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Cooler Master MasterWatt Maker 1200 PSU Review

Cooler Master finally released its MasterWatt Maker PSU, which was designed for true enthusiasts. Sporting Titanium-class efficiency, a digital interface, and other exotic features, we didn't expect an affordable price. But $450 looks insane!

Efficiency, Temperature, And Noise

Efficiency

Our efficiency testing procedure is detailed here.

Using the results from the previous page, we plotted a chart showing the MasterWatt 1200's efficiency at low loads, and loads from 10 to 110 percent of the PSU's maximum-rated capacity.

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Efficiency under normal loads is very high, matching the AX1500i's performance. However, under light loads, the MasterWatt 1200 posts one of the lowest efficiency readings we have ever measured from a high-end PSU. What a shame. Apparently, Enhance tuned this unit with the 10%-100% load region in mind, and with anything lower than 10% of its maximum-rated capacity, efficiency takes a large hit.

Efficiency At Low Loads

In the following tests, we measure the MasterWatt 1200's efficiency at loads significantly lower than 10 percent of its maximum capacity (the lowest load the 80 PLUS standard measures). The loads we dialed were 20, 40, 60 and 80W. This is important for representing when a PC is idle, with power-saving features turned on.

Test #12V5V3.3V5VSBDC/AC (Watts)EfficiencyFan SpeedFan NoisePF/AC Volts
11.203A0.481A0.475A0.194A19.5751.87%1680 RPM39.6 dB(A)0.826
12.077V5.119V3.350V5.105V37.73115.1V
22.438A0.976A0.984A0.390A39.7160.62%1680 RPM39.6 dB(A)0.908
12.083V5.102V3.348V5.079V65.51115.1V
33.672A1.466A1.492A5.061A59.8280.17%1680 RPM39.6 dB(A)0.918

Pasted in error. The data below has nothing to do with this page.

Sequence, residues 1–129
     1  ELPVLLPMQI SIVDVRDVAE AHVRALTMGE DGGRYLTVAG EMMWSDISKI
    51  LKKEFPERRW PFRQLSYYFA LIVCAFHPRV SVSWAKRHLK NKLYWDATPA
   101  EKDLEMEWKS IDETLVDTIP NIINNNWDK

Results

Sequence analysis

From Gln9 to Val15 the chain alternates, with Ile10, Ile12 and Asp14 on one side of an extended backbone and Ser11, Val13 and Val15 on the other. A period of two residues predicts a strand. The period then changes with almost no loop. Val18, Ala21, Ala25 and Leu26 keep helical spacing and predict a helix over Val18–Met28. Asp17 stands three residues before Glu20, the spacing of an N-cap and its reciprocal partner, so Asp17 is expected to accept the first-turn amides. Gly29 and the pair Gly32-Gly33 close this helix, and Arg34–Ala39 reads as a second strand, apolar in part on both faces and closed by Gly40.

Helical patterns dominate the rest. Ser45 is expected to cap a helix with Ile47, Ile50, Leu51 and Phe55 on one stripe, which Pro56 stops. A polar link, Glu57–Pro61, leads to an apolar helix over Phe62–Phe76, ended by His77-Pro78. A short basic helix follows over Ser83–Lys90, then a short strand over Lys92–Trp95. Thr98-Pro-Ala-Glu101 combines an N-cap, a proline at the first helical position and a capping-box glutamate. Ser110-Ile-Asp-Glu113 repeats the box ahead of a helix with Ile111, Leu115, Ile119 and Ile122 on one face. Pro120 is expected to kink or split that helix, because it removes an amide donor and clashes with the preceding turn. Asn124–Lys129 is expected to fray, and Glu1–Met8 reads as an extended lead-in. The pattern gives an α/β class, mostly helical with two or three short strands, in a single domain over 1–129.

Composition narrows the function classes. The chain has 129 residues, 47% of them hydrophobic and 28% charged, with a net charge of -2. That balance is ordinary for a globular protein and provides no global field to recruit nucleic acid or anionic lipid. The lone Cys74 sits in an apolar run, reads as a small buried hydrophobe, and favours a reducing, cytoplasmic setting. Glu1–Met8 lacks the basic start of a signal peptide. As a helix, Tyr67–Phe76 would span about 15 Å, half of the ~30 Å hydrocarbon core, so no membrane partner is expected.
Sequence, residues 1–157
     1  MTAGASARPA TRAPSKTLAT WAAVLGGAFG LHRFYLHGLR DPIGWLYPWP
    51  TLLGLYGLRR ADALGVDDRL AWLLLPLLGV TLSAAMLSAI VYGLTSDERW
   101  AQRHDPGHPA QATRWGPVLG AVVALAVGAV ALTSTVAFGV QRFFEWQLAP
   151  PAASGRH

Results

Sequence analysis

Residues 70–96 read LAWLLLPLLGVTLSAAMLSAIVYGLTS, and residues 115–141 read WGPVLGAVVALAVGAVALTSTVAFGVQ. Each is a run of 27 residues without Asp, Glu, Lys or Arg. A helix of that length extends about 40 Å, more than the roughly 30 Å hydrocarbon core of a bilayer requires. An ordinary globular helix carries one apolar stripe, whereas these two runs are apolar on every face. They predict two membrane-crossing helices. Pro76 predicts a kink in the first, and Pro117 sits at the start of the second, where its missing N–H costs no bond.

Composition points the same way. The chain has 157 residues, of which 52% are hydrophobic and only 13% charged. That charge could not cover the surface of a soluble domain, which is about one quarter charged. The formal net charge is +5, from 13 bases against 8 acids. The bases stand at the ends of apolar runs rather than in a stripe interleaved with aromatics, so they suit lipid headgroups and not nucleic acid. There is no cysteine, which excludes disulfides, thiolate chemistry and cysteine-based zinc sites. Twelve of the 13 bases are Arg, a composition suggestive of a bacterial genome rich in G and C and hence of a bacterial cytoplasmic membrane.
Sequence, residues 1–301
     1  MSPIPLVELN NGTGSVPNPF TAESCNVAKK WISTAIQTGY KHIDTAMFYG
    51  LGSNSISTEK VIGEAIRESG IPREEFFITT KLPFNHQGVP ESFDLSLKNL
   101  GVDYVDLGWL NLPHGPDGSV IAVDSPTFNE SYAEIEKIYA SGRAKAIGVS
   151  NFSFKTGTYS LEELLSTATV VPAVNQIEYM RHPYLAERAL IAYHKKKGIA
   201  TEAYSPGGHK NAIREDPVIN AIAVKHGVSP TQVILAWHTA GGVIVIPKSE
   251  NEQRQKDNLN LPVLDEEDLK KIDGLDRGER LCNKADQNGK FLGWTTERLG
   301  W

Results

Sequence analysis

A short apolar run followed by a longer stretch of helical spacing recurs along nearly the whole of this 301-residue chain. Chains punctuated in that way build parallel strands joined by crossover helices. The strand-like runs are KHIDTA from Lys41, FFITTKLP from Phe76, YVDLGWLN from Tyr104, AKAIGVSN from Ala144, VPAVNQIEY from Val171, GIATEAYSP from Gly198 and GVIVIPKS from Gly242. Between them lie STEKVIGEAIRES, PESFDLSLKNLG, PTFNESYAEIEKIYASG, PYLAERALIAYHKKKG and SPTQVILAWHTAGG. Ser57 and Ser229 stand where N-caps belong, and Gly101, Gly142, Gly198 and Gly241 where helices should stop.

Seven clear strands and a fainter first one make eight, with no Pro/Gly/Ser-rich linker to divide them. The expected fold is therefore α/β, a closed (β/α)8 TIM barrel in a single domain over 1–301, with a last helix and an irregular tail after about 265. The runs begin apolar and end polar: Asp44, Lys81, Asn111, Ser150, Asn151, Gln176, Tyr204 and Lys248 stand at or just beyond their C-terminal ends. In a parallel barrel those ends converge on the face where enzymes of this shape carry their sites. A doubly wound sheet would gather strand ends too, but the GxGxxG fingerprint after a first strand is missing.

12.086V5.093V3.346V5.061V74.62115.1V
44.897A1.964A1.970A0.790A79.7285.81%1680 RPM39.6 dB(A)0.928
12.081V5.084V3.344V5.044V92.90115.1V

The 20W and 40W efficiency results are an insult for any PSU boasting the 80 PLUS Titanium certification, even at this capacity level. With 60W and above, Cooler Master surpasses the 80% mark.

Cooler Master Connect Screenshots

Below you will find screenshots of the Connect software, which we took during the light-load test sessions.

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The software's efficiency readings are nowhere near reality.

5VSB Efficiency

The ATX specification states that 5VSB standby supply efficiency should be as high as possible, recommending 50 percent or higher efficiency with 100mA of load, 60 percent or higher with 250mA of load and 70 percent or higher with 1A or more of load.

We take four measurements: one each at 100, 250 and 1000mA, and one with the full load the 5VSB rail can handle. 

Test #5VSBDC/AC (Watts)EfficiencyPF/AC Volts
10.101A0.5052.08%0.046
4.995V0.96115.1V
20.251A1.2566.85%0.088
4.985V1.87115.1V
31.002A4.9577.71%0.243
4.939V6.37257.6V
43.502A16.7677.74%0.417
4.787V21.56115.1V
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We measure very low 5VSB efficiency. Enhance should do a better job here.

Power Consumption In Idle And Standby

In the table below, you'll find the power consumption and voltage values of all rails (except -12V) when the PSU is idle (powered on, but without any load on its rails), and the power consumption when the PSU is in standby mode (without any load, at 5VSB).

Mode12V5V3.3V5VSBWattsPF/AC Volts
Idle12.095V5.156V3.358V5.155V9.020.388
115.1V
Standby0.330.016
115.1V

Phantom power is higher than usual in this discipline. Still, it is lower than 0.5W.

Fan RPM, Delta Temperature And Output Noise

Our mixed noise testing is described in detail here.

The first chart below illustrates the cooling fan's speed (in RPM), and the delta between input and output temperature. The results were obtained at 38 °C (100.4 °F) to 47 °C (116.6 °F) ambient temperature.